Locating the Unnatural Links
If you’re sure the cause of the problem was the unnatural link penalty, the next step is to identify the offensive links and start removing them. You’ll need to move carefully. Most links do not pass negative value, and removing too many links will hurt your rankings. You should never remove natural links, even if they are fairly low quality. Only remove links that you built (or, in rare cases, that you feel were built to maliciously damage your site’s rankings).
Google’s Matt Cutts has offered some advice in a video about how to find unnatural links, but here is our more in depth guide on the matter:
Perform an in depth analysis of your inbound links
You’re going to need to use tools to do this. Here are a few tools you can use to analyze your link profile:
- Webmaster Tools – From Google Webmaster Tools you can click on Traffic, and Links to Your Site. Then you can click on any site under Who links the most, and click on the Download latest links button. This will give you all the links that Google explicitly admits to having on record, though they almost certainly have more links on their servers.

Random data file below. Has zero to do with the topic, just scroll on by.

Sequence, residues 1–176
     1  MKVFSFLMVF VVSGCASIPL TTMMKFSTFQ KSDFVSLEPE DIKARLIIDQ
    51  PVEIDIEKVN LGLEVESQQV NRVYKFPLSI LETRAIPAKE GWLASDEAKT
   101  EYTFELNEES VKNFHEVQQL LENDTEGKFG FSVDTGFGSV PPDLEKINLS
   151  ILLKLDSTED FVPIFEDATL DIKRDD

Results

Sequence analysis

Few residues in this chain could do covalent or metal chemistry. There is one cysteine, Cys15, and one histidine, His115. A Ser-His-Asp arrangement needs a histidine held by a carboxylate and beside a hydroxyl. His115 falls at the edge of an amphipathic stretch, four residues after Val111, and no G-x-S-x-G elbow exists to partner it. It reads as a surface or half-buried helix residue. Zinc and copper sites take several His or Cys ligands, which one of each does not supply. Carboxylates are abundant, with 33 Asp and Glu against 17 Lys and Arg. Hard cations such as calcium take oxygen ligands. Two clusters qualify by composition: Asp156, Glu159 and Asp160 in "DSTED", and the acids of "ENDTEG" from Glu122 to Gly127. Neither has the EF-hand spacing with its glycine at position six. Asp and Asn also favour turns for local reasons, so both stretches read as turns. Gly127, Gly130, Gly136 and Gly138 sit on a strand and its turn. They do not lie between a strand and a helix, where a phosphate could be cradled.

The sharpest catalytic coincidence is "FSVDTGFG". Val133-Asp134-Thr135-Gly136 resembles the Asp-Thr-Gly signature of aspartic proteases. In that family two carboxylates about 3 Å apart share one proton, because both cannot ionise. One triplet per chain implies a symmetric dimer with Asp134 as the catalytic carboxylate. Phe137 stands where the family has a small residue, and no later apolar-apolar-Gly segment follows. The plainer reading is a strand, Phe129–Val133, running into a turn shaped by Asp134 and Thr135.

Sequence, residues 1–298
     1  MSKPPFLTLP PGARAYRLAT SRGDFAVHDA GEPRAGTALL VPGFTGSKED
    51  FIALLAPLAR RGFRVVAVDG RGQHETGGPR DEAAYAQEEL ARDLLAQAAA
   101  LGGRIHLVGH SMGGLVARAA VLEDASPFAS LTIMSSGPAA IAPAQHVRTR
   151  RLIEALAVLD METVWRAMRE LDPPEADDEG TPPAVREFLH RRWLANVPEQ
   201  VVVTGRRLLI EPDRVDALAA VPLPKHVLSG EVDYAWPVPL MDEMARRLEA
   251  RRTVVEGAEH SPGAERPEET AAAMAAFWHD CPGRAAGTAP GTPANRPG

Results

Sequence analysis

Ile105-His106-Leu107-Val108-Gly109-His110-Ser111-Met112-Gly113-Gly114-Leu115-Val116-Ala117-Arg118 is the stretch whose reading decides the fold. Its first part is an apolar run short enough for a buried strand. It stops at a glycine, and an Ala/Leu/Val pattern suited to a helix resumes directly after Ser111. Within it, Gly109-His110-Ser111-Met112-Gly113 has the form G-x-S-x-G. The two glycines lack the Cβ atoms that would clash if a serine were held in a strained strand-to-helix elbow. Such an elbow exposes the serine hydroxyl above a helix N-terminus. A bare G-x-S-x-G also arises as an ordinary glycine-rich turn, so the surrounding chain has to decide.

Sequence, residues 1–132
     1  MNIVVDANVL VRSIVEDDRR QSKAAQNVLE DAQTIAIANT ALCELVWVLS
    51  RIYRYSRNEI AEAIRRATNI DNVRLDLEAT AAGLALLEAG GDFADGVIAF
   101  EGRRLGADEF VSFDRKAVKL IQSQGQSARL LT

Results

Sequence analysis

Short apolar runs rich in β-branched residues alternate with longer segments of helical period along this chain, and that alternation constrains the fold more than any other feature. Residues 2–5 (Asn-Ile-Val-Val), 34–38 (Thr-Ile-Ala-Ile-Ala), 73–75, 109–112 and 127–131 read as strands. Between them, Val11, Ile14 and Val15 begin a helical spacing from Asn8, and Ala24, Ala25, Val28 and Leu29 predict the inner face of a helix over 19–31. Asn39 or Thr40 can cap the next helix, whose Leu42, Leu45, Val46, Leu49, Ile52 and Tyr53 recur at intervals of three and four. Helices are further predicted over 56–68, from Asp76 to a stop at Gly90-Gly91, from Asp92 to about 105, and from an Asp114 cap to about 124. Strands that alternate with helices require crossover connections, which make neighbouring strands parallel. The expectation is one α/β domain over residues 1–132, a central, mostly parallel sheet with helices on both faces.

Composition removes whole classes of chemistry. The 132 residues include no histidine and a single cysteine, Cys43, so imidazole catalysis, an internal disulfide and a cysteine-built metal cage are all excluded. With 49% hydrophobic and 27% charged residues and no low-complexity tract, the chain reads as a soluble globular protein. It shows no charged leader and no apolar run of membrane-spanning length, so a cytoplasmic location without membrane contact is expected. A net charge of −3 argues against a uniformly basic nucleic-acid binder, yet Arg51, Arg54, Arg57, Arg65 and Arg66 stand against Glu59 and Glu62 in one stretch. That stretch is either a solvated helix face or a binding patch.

- Open Site Explorer – Use this to explore your link profile sorted according to metrics more useful than date.
- Majestic SEO – This is an alternative to Open Site Explorer, and we appreciate their guide to unnatural link investigations
- Ahrefs – This is another alternative to Open Site Explorer, with the biggest benefit being their time chart view of links as you acquire them.
Digging through every single link is going to be nearly impossible if you have any kind of authority already, so you are going to want to focus most of your efforts in two areas: identifying over-optimized keywords and identifying site-wide links. Open Site Explorer is great for identifying keywords that have been used excessively. Ahrefs will let you know which of your links are site-wide.
Identify which links are unnatural
We’ve already covered how to do this in the first section. You don’t necessarily want to go through and remove every single link that used a specific anchor text; that is just your starting point. You’ll want to go back over the links with the over-optimized anchor text and identify which links could be considered manipulative. It very well may be every single one of them.